“Dear Barack Obama if you become president please help the environment by stopping global warming before it reach’s durrasic measures. I hope you can accomplish this. Please also stop wars and terrorists before it can’t be helped. Maybe it would lead to world peace and with world peace people can accomplish anything. Please acclompish this or things could end badly. Sincerely, Jacob” Amen to that.

“Dear Barack Obama, There are two problems that I think are very important things for the new president to solve. One problem is Global Warming. One reason I think it is important is because the air we breathe is getting polluted. So for some kids, it’s hard to breathe. Another problem is how high the gas prices are these days. When we get our license the prices will be up to ten dollars. P.S. By the way, good luck in the election. Sincerly, Nathan” Love the post script… before the ending. We are big on encouragement and positive comments in elementary school. .

“Dear Senator John McCain, The one thing you could fix is all the jobs that families are losing people are going to other cuntries and gas is not a big deal to other rich people but it is to us and we are 11 and 10 years old so if we see it, you should….Thank you for reading, Stevie” Gotta love this kid but she is already aware of economic distinctions?? Did I even care when I was ten?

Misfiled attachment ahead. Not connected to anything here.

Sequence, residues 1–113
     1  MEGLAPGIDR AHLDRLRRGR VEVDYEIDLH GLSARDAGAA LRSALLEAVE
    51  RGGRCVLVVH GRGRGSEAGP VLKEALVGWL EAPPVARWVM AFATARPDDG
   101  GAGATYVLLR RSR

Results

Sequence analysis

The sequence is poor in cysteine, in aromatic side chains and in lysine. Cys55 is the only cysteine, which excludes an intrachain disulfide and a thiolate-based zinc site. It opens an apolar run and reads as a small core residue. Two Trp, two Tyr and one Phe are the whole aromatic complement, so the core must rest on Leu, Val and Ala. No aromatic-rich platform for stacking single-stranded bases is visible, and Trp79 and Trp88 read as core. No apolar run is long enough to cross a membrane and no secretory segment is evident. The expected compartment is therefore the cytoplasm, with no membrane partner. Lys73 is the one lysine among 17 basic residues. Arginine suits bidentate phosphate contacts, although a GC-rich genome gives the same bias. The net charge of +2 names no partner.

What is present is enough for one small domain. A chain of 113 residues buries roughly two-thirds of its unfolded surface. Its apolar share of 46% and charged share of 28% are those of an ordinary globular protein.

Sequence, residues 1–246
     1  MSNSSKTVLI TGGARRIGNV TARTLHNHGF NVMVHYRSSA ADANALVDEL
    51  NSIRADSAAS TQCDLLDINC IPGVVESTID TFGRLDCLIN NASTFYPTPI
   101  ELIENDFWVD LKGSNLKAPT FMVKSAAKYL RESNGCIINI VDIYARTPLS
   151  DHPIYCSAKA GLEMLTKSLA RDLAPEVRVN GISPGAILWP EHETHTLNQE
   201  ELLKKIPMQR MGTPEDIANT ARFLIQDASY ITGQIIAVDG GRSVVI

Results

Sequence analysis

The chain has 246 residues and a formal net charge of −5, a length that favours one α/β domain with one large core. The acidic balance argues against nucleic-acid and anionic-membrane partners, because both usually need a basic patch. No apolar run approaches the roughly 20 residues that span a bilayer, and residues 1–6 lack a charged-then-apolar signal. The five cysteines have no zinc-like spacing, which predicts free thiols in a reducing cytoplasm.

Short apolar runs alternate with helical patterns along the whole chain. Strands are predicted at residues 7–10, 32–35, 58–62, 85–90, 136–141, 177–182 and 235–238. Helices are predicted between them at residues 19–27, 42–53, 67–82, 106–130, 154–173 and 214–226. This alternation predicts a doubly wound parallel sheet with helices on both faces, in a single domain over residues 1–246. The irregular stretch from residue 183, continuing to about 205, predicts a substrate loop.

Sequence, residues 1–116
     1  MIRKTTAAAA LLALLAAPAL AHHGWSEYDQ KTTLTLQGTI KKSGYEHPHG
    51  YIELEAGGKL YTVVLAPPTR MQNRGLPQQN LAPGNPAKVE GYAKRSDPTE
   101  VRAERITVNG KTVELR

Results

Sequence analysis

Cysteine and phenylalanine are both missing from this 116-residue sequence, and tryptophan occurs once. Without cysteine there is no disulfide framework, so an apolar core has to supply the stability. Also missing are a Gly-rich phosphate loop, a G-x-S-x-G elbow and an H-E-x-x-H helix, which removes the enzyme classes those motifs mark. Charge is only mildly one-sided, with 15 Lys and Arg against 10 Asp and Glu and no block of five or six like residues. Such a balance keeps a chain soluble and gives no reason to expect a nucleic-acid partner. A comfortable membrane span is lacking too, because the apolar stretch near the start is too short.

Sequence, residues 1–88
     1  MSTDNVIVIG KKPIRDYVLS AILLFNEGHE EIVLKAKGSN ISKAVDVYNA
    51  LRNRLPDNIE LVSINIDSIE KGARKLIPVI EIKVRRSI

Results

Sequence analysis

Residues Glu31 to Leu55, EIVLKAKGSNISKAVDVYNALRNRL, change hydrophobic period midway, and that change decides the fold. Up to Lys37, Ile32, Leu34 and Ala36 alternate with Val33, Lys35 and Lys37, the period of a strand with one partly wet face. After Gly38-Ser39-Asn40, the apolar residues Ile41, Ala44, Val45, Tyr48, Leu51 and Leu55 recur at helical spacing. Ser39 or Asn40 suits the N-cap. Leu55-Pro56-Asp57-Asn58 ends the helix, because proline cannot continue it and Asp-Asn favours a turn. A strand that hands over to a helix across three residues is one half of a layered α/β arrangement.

“Dear Senator Barack Obama, There are two problems I think are very important for the new president to solve. One problem is gas prices, they are very high and will probably get higher if the new president doesn’t change it. Another problem is global warming. I think more people should recycle, even though a lot of people all ready do. I believe there should be a law that says every single classroom in the U.S.A. should have a recycling bin in it. Sincerely, Julia” We are a green school. We have recycled paper, plastic bottles and foil/styrofoam packaging from lunch trays.

Then there was the kid that suggested stopping the gas price rise so he wouldn’t have to quit his soccer team. And the girl who wants new jobs in the USA so her dad doesn’t have to work in Sweden any more. And the child who suggested making hurricane proof housing in hurricane areas….and growing more food so people do not go hungry. And the boy who suggested the new president lower the voting age to 13 because ‘we have good ideas and we know how to problem solve.’

And lastly….this one from a challenged student….

“Dear Senator Barak Obama,